Foundation: The masonry or substructure of a building. Sometimes referred to as platform.
Frieze: The central space of the entablature. Also a sculptured or richly ornamented band.
Georgian: Architecture of or related to one of the reigns of one of the Georges of Great Britain. “George III was in charge when America gained its independence...Technically, in America, a true Georgian house must have been built prior to the establishment of this nation’s independence...” Use of Palladian doorways and windows, with modillions (projections under the eaves) and quoins.7
Gothic: “Of, relating to, or having the characteristics of a style of architecture developed in northern France and spreading through western Europe from the middle of the 12th century to the early 16th century that is characterized by the converging of weights and strains at isolated points upon slender vertical piers and counterbalancing buttresses and by pointed arches and vaulting.”8
Greco-Roman: Relating to the Greek and Roman styles of architecture.
Greek Revival: A style of building which uses ancient Greek architecture. Although buildings at many times use this style, in the 1820’s, and for thirty years thereafter America was feeling strong and this feeling was expressed architecturally by reviving the spirit of the ancient Greek Republic.9
Hearth: A brick, stone, or cement area in front of a fireplace. “The heart of the house.”10
Ionic: An order of architecture characterized by the spiral volutes of its capital.
Keystone: The wedge-shaped piece at the top of the arch which locks the other pieces in place.
Modern Architecture: Involves a break from the past and uses recent technologies and new forms or new combinations of old forms. “Modern architecture has stripped itself of a comfortable vocabulary.”11
Monument: A stone, sculpture, and/or building erected in remembrance of a person, persons, or event.
Moldings: A decorative recessed or relieved surface used either for ornamentation and/or finishing.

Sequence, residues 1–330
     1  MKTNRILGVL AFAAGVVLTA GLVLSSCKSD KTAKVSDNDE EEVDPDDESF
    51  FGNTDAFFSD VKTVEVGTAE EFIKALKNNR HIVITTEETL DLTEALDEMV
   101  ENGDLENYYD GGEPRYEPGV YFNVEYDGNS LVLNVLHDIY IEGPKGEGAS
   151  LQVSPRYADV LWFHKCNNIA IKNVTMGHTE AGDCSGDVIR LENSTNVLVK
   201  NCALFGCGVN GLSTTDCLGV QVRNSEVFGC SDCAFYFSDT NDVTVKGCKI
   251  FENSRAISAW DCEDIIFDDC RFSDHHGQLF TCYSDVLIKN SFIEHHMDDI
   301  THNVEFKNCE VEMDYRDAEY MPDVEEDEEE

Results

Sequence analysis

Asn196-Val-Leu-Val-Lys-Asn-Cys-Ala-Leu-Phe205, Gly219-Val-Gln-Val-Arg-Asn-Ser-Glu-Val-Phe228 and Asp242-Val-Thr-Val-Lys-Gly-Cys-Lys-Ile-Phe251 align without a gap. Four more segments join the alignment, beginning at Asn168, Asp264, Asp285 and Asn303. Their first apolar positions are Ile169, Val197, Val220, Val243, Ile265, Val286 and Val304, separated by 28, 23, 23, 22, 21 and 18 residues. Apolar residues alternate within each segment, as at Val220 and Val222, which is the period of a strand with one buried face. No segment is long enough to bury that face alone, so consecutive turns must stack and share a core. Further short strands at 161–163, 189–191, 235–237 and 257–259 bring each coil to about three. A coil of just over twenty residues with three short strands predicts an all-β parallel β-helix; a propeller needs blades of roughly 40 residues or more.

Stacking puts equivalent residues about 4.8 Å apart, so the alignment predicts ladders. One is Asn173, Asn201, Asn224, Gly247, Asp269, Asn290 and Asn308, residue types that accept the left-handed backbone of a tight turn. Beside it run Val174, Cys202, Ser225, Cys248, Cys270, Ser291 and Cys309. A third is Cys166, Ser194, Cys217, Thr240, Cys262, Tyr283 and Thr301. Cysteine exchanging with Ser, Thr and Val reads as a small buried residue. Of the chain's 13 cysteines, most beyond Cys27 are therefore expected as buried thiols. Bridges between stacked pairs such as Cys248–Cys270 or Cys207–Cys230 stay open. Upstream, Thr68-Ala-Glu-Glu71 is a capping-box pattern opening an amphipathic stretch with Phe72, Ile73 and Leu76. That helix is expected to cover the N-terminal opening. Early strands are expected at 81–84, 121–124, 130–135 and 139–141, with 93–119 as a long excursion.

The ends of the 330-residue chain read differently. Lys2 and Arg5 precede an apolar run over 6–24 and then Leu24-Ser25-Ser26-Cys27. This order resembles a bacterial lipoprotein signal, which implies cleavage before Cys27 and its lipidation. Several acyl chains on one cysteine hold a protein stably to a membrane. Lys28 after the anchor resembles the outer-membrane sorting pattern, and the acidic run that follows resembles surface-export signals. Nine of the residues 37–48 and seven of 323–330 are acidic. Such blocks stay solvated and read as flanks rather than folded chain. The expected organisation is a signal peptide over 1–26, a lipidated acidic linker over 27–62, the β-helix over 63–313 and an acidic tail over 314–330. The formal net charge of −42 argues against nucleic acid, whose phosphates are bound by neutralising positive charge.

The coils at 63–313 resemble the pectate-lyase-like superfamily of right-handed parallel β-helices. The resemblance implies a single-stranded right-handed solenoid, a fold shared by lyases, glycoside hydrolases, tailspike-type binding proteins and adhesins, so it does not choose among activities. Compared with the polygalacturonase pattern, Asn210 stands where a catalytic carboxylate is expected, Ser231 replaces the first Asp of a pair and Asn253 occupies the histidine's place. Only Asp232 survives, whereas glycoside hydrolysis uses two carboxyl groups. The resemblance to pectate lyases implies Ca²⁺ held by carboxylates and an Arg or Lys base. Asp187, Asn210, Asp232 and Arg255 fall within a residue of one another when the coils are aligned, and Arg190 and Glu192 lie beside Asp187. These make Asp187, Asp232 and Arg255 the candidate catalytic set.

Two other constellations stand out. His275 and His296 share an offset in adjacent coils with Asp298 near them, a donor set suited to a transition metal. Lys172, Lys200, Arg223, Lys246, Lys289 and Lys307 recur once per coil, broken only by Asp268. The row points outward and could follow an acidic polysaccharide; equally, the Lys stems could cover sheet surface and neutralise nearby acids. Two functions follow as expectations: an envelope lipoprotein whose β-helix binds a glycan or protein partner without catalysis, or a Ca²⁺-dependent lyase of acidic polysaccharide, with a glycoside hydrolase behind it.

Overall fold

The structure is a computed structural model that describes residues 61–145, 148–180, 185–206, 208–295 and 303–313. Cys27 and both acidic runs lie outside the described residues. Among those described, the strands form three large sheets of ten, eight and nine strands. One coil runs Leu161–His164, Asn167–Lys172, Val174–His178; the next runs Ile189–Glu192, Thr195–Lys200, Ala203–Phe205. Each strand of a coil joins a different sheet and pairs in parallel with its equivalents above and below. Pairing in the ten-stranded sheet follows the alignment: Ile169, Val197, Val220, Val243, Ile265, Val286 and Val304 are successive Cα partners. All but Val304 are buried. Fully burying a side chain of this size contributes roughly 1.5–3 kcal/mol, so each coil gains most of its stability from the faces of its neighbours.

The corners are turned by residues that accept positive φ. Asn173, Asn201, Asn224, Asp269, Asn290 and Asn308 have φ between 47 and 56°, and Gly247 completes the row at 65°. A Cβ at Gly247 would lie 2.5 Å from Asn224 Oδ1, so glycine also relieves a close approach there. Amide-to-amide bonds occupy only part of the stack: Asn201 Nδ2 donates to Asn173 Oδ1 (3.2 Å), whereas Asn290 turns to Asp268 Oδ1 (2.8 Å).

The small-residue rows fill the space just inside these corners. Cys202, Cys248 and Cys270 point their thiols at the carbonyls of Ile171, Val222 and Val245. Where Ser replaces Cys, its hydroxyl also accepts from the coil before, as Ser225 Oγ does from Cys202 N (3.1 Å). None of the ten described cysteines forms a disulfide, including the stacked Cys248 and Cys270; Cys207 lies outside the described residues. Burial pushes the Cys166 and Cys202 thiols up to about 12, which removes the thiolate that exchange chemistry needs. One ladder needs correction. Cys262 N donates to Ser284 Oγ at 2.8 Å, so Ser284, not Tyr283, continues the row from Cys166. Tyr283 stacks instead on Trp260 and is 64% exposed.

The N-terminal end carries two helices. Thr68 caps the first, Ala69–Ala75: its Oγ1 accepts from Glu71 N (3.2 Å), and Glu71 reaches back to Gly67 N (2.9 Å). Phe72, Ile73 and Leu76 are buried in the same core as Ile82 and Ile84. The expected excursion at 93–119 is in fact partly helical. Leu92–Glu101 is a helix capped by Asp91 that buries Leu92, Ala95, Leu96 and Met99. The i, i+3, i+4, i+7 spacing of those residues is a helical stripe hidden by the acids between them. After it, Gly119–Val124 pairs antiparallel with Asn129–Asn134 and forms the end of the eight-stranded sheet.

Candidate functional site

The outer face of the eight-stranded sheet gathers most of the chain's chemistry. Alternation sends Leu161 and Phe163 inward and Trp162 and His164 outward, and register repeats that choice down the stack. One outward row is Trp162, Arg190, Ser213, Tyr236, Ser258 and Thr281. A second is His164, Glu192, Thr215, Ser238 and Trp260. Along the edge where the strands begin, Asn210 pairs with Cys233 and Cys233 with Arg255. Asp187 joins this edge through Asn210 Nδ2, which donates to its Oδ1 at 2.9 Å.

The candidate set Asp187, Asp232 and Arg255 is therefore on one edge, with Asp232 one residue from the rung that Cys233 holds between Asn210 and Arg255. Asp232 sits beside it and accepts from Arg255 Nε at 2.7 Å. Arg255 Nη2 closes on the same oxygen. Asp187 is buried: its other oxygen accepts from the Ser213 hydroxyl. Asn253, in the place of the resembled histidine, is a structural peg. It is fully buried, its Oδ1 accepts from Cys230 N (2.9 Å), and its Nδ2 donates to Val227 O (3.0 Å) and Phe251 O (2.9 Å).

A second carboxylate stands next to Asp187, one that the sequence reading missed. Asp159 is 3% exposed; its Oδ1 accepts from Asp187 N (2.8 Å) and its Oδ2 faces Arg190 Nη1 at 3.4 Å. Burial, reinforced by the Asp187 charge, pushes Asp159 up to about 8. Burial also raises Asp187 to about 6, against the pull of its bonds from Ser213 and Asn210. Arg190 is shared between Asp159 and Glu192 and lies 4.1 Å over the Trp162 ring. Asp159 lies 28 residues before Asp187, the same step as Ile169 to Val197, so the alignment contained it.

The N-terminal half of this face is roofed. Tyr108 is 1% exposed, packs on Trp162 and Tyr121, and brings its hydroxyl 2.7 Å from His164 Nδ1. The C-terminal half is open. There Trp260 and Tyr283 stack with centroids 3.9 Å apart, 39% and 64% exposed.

Neoclassicism: A revival of the classical.
Niche: A recess in a wall for a statue.
Ornament: “A useful accessory; something that lends grace or beauty; a manner or quality that adorns; an embellishment.”12
Pedestal: The support or base of a column.
Pediment: The triangular wall section above the entablature.
Pergola: Parallel colonnades usually supporting an open roof.
Pilaster: A decorative column projecting from the wall not serving to hold up the building.
Plan: A diagram drawn to show the shape of a building and the arrangement of its parts.
Porch: A covered entrance to a building, usually with a separate roof.
Portico: A colonnade at the entrance of a building.
Pylon: The monumental gateway of an Egyptian temple.
Romanesque: “The Romanesque style is characterized by rounded arches, squat columns and massive, crudely cut (rusticated) blocks of stone.”13
Roof: The cover of a building.
Shaft: The part of a column between the capital and the base.
Tower: “A building or structure typically higher than its diameter and high relative to its surroundings that may stand apart (as a campanile), or be attached (as a church belfry) to a larger structure, and that may be fully walled in or of skeleton framework (as an observation or transmission tower.)”14
Tudor: Architecture related to the period in English history when the royal house of Tudor ruled from 1845 to 1603.
Tympanum: The recessed space within a pediment, between the upper and lower cornices.
Victorian: Relating to the time during which Queen Victoria of Great Britain reigned (1837-1901).
Wall: A material layer enclosing space.
Window: An opening in a building which can be capable of being open and shut.
Wing: An addition or extension to a building.

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In order to meet the diverse learning styles of the students, I will use a variety of teaching techniques: drama/movement activities, lecture to whole group with slides, work with small groups on individual drama activities, and field trips. In order to illustrate each of these techniques I will provide some sample lesson plans.15